What’s In A Name?
What’s so interesting is that I was NEVER a huge fan of the NoES movies. I wasn’t allowed to watch them when I was younger and when I was old enough, I was too busy watching the Scream franchise (my favorite slasher flicks)! So, how in the world would I even consider adding the name of the final girl from a franchise I didn’t really care about? I remembered a quote from writer Diablo Cody, famous for writing the quirky indie film Juno and the horror flick Jennifer’s Body. In the New York Times article Taking Back the Knife: Girls Gone Gory, Cody said:
“When I watched movies like ‘The Goonies’ and ‘E.T.,’ it was boys having adventures,” she said. “When I watched ‘Nightmare on Elm Street,’ it was Nancy beating up Freddy. It was that simple.”
I LOVED that! I went back, re-watched A Nightmare on Elm Street, and finally realized just how much of an intelligent and capable badass Nancy is! Towards the end of the film, Nancy is able to wake-up and trick Freddy Krueger out of her dream and into the real world. Once in the real world, she lights him on fire and throws him into the basement. When the fire is put out, Freddy is gone, but Nancy knows he’ll be back for her. Moments later, Freddy attacks her once again but she realizes that fear is what keeps him ‘alive’ and so she calmly reduces him to nothing. At the end of the film, Nancy steps outside into the morning light and exclaims, “It’s bright!” All of her friends are alive and well… or so she thinks. I think it is safe to say that Nancy won the battle but the war had obviously just begun. However, we now know how powerful Nancy can be; making us feel like we can be powerful in our own lives too!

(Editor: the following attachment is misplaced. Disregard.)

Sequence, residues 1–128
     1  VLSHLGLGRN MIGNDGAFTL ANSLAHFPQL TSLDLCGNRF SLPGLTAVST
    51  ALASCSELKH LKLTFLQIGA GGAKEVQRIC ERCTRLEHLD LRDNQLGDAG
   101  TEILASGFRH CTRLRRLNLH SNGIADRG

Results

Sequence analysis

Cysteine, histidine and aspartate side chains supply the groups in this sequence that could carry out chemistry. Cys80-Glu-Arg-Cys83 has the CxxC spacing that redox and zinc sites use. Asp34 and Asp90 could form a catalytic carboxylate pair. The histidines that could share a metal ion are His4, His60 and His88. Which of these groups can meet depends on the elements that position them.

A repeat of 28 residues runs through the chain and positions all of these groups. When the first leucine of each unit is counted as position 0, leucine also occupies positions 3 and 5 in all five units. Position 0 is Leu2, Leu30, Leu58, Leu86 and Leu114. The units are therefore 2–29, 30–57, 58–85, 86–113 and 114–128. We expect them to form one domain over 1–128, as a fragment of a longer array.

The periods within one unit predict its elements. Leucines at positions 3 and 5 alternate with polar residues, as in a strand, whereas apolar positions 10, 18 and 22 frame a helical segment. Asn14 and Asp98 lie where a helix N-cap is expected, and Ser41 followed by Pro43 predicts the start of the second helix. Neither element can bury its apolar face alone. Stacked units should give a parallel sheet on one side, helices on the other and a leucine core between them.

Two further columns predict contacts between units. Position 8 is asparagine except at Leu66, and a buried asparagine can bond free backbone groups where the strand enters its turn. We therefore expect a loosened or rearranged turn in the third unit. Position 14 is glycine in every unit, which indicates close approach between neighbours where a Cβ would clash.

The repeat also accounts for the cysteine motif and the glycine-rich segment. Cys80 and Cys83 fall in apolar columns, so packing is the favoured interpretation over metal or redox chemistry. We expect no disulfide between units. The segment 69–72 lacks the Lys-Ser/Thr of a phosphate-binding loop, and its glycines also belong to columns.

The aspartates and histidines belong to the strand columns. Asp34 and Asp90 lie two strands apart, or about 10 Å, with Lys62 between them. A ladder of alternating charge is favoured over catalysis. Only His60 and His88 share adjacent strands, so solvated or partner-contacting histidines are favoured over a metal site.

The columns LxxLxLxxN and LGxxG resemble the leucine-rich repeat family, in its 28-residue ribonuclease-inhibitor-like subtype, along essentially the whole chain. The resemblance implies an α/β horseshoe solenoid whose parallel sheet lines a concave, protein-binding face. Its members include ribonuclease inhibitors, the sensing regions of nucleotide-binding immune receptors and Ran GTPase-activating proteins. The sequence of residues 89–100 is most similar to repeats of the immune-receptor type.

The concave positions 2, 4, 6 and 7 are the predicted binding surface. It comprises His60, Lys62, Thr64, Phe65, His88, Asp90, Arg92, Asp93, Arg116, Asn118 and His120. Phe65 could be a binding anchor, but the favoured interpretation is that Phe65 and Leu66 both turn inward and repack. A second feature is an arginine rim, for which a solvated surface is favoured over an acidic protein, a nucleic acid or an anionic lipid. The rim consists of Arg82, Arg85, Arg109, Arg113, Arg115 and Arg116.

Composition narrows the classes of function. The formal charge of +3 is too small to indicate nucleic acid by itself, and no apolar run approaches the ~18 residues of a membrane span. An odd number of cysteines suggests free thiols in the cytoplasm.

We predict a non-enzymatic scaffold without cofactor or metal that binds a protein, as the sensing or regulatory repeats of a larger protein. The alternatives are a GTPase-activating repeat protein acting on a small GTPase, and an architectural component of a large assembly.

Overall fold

I still have issues with the final girl trope, although it is slowly but surely starting to change now (yay!). Carol J. Clover created the term in her very informative book Men, Women, and Chainsaws. Normally the final girl is somewhat scrappy or shy, brown-haired, white, and/or a virgin. This is a problem for many reasons; not only does it show us that only certain kinds of women are allowed to survive a horror movie (real-life tragic event) but that everyone who dies does so because they are either sinful by birth (not white) or by their actions (sex, drugs, and rock-and-roll). Let’s all be honest: the virginal-white final girl is outdated.
Does this mean that some of the movies Abbey and I will be covering are full of these types of final girls? Yes. Yes it does. Horror films (especially slashers) from the 70s and 80s and even the early 90s are unfortunately all about this final girl. However, what we can positively take away from the final girl trope is that she is at the very least an intelligent and observant female fighter who will not give up. We could all use a survivor story occasionally and horror movies give us that opportunity.
In the wake of Good Mourning, Nancy’s official release, I hope you enjoy our ramblings about our favorites, old and new, and if you’re not already into horror films, maybe you’ll have a different perspective when we’re done.
- Gracie Jarvis